Succulents are quirky and varied in their appearance, which makes them great plants with which to decorate your home. While the common name “Succulents” can encompass a wide range of plants, they are generally characterized as having the ability to store water in their leaves. Because of this trait, their leaves tend to be thick and fleshy. Succulents are originally from Mexico and Central America, and tend to thrive in dry climates. Their unique shapes and colors have helped make them trendy indoor plants for northern green thumbs. Place them near a sunny window and enjoy their charm all season. Come summer, you may gradually move them outside where they can become a featured plant on a deck or patio. Some of the more popular botanical names of succulents are Echevaria, Aloe, Aeonium, Kalanchoe, Sempervivum (hens and chicks).
Below are some helpful tips to keep your Succulents healthy:
Light – Succulents love sunlight, so you’ll want to place them near the brightest window in your home. Ideally, the window will be south facing, and will allow for 6 or more hours of bright, indirect sunlight per day. If you notice your Succulents stretching out, it is a sign that it is getting not enough light. Sometimes this cannot be avoided during the winter! Just turn the pot around, and it will straighten out! Alternatively, during the summer months, make sure your Succulents don’t get too much of the direct hot mid-day sun. This applies to plants that are located indoors or outside.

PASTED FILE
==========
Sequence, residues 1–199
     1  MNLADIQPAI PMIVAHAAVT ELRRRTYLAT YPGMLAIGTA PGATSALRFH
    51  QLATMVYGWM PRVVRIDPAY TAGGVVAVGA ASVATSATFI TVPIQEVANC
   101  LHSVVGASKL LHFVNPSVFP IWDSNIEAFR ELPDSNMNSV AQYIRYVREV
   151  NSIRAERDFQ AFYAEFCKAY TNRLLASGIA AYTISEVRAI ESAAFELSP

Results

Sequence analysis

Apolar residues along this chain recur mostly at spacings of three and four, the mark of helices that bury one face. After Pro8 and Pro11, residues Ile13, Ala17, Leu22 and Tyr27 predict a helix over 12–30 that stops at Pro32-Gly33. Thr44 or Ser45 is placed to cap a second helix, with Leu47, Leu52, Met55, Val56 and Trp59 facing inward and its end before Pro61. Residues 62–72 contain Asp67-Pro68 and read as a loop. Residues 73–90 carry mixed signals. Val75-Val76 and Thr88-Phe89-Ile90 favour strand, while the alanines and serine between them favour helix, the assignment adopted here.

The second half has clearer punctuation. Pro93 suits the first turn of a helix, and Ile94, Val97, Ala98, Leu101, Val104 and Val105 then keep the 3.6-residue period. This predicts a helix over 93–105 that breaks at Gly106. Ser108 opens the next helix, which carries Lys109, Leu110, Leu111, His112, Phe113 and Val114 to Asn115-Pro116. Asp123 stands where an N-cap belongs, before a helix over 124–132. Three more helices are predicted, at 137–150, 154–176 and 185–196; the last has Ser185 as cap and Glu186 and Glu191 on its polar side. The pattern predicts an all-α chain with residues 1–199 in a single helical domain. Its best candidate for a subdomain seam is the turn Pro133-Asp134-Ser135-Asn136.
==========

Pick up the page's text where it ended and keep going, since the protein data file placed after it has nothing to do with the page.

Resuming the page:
Water — Succulents do not like to be kept too wet, but they also don’t like to be kept too dry. Typically, succulents like more water than most people think. In a house, the home temperatures dry things our even faster. You don’t want your soil to be bone dry or it will wither the plant’s roots.
When you water Succulents, water the soil and not the rosette because it can rot. Pour on the water until it drains out the bottom. Repeat this a couple times. Then don’t water again until the soil has dried out. You don’t want your plant to remain soaking wet all the time. To help prevent this, don’t let the pot sit in a saucer full of water. The time between watering depends on the temperatures and conditions of the plant. The most common problems seen on Succulents are due to poor watering habits. Over and under watering can both produce similar symptoms. Wilting, shriveling, dropping leaves. You know your own watering habits best. Keep an eye on your plants and make adjustments if needed.
Soil — Succulents need well-drained soil. Sandy, cactus mix will work fine. The airflow indoors isn’t as good as it is outside so without the proper soil it’s very likely your succulents will stay wet for too long. Keep in mind that succulents near a heating vent might dry out more quickly as the direct air and warmer temperatures can dry things out more quickly.
We hope these garden tips will help you in keeping your succulents happy all year long!